Writing Proposals: Tips for Trainers & Suppliers
Guest Editor – Monica Gillison
Here are some helpful tips to improve communications.
The relationship between trainers and suppliers is a crucial one. I would even venture to say that trainers see suppliers as an important extension of the team.
As trainers, we are often befuddled when a supplier presents a proposal, and it just wasn’t what we were expecting. On the other hand, I’m quite sure many suppliers have wondered just what in the world are those trainers asking us to do?
Sometimes it probably appears as clear as mud.
Tips for Trainers
When writing a project request or request for proposal (RFP), take the extra time to map out all the pertinent details. Including things like company information, an RFP overview and timeline may seem commonplace. However, don’t forget to include such details as the administrative instructions, confidentiality statement, financial stability assessment, general RFP comments, customer references and RFP disclaimers. Also, information about your organization size, team breakdowns, selling process or philosophy, medical/legal review process, RFP response requirements, key RFP required information & questions to be answered, scoping details & deliverable requirements, training partner high-level responsibilities and proposal costs.
This may seem like quite a bit of detail, and you may feel as though your work is done. However, there’s one more essential component to creating a thorough RFP: It is important to include a section on frequently asked or anticipated questions and answers. You can shave time off of the process by doing this step up front.
Suppliers will appreciate the extra time it takes you to compile such a comprehensive document, and you will appreciate not having to sort through a bunch of repetitive questions that many suppliers will have. I will admit it’s no small feat, but it pays off in the end by ensuring that you will save time and end up with a well-matched partner who is able to fulfill your needs.
But don’t take it from me, listen to what some of the suppliers said. After we started incorporating this step in our process, we heard things like:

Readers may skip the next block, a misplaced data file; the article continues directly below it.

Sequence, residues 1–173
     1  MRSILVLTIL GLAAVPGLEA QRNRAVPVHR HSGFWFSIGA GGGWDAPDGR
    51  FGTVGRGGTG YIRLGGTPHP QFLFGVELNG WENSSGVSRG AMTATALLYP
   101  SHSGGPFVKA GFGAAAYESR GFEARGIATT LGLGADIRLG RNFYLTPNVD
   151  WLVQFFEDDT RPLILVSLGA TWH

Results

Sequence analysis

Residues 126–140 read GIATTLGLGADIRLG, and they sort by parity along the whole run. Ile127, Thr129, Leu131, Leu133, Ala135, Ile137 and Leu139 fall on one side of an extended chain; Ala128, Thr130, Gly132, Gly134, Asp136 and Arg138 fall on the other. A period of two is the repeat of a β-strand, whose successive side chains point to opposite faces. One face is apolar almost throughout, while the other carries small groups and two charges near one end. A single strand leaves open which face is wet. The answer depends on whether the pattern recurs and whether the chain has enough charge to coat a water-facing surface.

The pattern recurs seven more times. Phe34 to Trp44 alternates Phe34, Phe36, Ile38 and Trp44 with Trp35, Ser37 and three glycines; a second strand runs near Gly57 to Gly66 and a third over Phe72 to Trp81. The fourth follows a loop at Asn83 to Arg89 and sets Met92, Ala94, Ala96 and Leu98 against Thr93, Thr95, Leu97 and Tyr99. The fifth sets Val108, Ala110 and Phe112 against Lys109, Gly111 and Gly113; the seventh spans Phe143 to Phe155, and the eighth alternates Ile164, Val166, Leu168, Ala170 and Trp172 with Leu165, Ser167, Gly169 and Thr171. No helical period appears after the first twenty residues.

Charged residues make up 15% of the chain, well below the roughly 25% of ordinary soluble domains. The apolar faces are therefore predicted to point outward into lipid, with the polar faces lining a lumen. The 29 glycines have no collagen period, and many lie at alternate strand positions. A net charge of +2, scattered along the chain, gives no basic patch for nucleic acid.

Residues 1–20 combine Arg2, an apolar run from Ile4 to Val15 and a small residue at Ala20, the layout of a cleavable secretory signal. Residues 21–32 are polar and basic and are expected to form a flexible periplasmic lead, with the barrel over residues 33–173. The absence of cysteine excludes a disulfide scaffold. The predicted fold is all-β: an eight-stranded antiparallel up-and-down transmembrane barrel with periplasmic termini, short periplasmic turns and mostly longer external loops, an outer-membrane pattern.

- “I have been working in this space for 26 years and this is the first time anyone has ever included some anticipated questions and suggested responses in the RFP. I mean wow and thank you!”
- “This really helps the agency partners.”
- “We have seen quite a few RFPs, and this was one of the best ones we have ever participated in.”
- “You have done a great job in anticipating our questions in advance.”
Tips for Suppliers
You’ve responded to the RFP and have been invited in to make a formal presentation. Congratulations! You’re excited and we’re excited, but we just don’t feel the same after the presentation. Now, you may be wondering what went wrong.
One of the things that is often commented on after the supplier leaves is that we just weren’t wowed by your presentation. We understand that you have great capabilities and that you can do whatever the client wants, but we often don’t know exactly what that is until we see it.
The No. 1 mistake is presenting a generalized proposal that isn’t specific to the project. We want to see something that is personalized and compelling. Take the risk and make it specialized and unique to us – when we see it, we will know it.
For both sides of the team, it’s important to remember to respect deadlines, prioritize support and challenge one another to keep the realities of the others’ business in mind. After all, we both have a common goal and if we follow these tips, we are sure to form a successful alliance.
When we work together, we grow together!
Monica Gillison is senior manager, commercial learning & development, for SK Life Science. Email Monica at email@example.com.